• People are way more accustomed to Zoom calls since Covid. "Hopping on a call" isn't a big ask anymore - use that!
    1. 1

      Thanks Harvello! I really like that frame of "investing in product". That's the reason we've kept this customer discovery / research phase distinctly separate from any sales. It's been a lot more fruitful to learn quickly from a bunch of people than to secure a handful of customers

  3. 3

    Hi Lisa, what worked for me (I had a B2B company in the past) was relationship. A good network.

    Way more than cold calls, cold email, blog articles.

    Out of ~100 meetings (cold calls/cold email) we ended up with 0.

    Within our network though, we ended up with 4 big companies.

    1. 2

      Thanks Leo! Would you be able to expand a little on the relationship piece? Was it fostering old relationships or were you able to find creative ways to build new ones?

      I've gone through many ideas in the past and now have gone through many iterations of the current idea. So I feel like I've exhausted my network in terms of conversations and people I've asked to learn from. So now I'm trying to figure out how to expand beyond my network of people I've already probably asked one too many questions to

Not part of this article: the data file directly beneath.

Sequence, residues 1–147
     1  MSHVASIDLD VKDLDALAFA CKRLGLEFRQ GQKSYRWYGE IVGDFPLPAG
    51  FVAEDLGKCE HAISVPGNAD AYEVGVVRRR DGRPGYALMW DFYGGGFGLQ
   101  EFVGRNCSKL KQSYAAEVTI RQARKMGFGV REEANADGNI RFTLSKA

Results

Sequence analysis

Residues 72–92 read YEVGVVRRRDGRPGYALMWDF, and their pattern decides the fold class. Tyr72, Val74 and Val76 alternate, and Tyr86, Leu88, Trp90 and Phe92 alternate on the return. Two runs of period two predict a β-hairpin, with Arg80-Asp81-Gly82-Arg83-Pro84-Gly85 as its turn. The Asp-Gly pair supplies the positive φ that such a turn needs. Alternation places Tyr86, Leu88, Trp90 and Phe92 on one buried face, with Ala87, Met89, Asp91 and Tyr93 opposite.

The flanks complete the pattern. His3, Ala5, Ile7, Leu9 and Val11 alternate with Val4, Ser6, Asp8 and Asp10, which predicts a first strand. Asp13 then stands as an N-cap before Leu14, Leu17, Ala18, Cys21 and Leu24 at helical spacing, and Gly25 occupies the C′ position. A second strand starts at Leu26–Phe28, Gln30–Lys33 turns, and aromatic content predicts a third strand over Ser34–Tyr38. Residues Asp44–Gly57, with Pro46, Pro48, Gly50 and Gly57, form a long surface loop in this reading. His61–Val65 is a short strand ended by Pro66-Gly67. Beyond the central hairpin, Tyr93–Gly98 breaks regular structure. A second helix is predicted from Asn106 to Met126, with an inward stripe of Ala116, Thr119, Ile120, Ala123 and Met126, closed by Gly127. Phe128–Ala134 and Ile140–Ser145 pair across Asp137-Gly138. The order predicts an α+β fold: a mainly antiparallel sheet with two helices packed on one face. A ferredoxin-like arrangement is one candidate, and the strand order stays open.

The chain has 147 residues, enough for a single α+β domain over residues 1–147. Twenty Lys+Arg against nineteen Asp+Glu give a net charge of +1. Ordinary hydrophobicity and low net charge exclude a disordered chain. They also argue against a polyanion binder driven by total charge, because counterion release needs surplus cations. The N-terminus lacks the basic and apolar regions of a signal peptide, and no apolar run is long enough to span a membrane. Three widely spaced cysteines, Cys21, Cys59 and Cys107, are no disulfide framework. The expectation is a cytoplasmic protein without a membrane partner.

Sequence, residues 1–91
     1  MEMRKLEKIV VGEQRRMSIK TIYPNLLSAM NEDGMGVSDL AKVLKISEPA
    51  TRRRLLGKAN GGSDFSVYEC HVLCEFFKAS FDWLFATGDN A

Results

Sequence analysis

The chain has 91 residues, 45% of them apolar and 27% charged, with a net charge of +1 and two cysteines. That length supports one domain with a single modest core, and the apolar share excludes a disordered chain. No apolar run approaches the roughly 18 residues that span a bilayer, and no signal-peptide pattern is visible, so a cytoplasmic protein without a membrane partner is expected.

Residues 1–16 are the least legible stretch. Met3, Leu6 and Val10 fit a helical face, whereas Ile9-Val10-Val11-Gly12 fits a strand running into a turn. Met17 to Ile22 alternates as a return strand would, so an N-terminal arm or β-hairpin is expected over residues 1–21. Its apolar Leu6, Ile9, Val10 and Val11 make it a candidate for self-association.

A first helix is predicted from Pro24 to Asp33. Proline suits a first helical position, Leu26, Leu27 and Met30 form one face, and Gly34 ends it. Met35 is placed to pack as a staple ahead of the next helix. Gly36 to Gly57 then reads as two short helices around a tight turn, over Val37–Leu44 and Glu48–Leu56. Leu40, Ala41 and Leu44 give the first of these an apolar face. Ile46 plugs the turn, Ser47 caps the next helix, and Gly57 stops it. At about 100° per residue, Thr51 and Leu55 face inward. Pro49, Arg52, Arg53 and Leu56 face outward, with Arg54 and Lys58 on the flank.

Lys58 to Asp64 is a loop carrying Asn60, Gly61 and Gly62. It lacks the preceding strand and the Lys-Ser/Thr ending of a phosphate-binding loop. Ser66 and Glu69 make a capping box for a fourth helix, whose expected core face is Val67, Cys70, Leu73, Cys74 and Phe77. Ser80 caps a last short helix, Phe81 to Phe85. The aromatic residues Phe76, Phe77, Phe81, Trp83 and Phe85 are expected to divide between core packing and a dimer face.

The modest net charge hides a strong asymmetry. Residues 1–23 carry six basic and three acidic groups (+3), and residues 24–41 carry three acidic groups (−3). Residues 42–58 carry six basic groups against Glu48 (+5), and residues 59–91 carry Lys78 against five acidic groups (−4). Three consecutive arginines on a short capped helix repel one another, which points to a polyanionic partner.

1. 1

        It's was former colleagues that moved to another company. I knew them well, as we had worked together for more than 3 years.

        Then, I got a phone call from one of them requesting a project. I talked to him and rather, offered to deliver a product.

        I have written some of those stories in my newsletter.

        1. 1

          Really fortunate that you were able to start off with a sale/reframe to a product from a consultant role

          1. 1

            Yes! About my future? Don't know. One thing I know though is, I want to work with some form of social entrepreneurship. Doing what? Don't know yet....time will tell

        2. 1

          Cool, thanks for sharing Leo! Interested to hear when you figure out what you'll chase in the future

          1. 1

            This comment was deleted a year ago.

  4. 2

    Ahh, the sheer amount of emails we all get asking us to hop onto a call for something with little in return.

    In my experience, I'll only hop onto a call (sales or discovery) if it's incentivised (i.e cash/voucher reward) or if I have a relationship already with that person.

    I appreciate that's probably not what you want to hear, it's not a quick/cheap thing to do, but I'd focus time on building important relationships. In communities such as this one.

    1. 1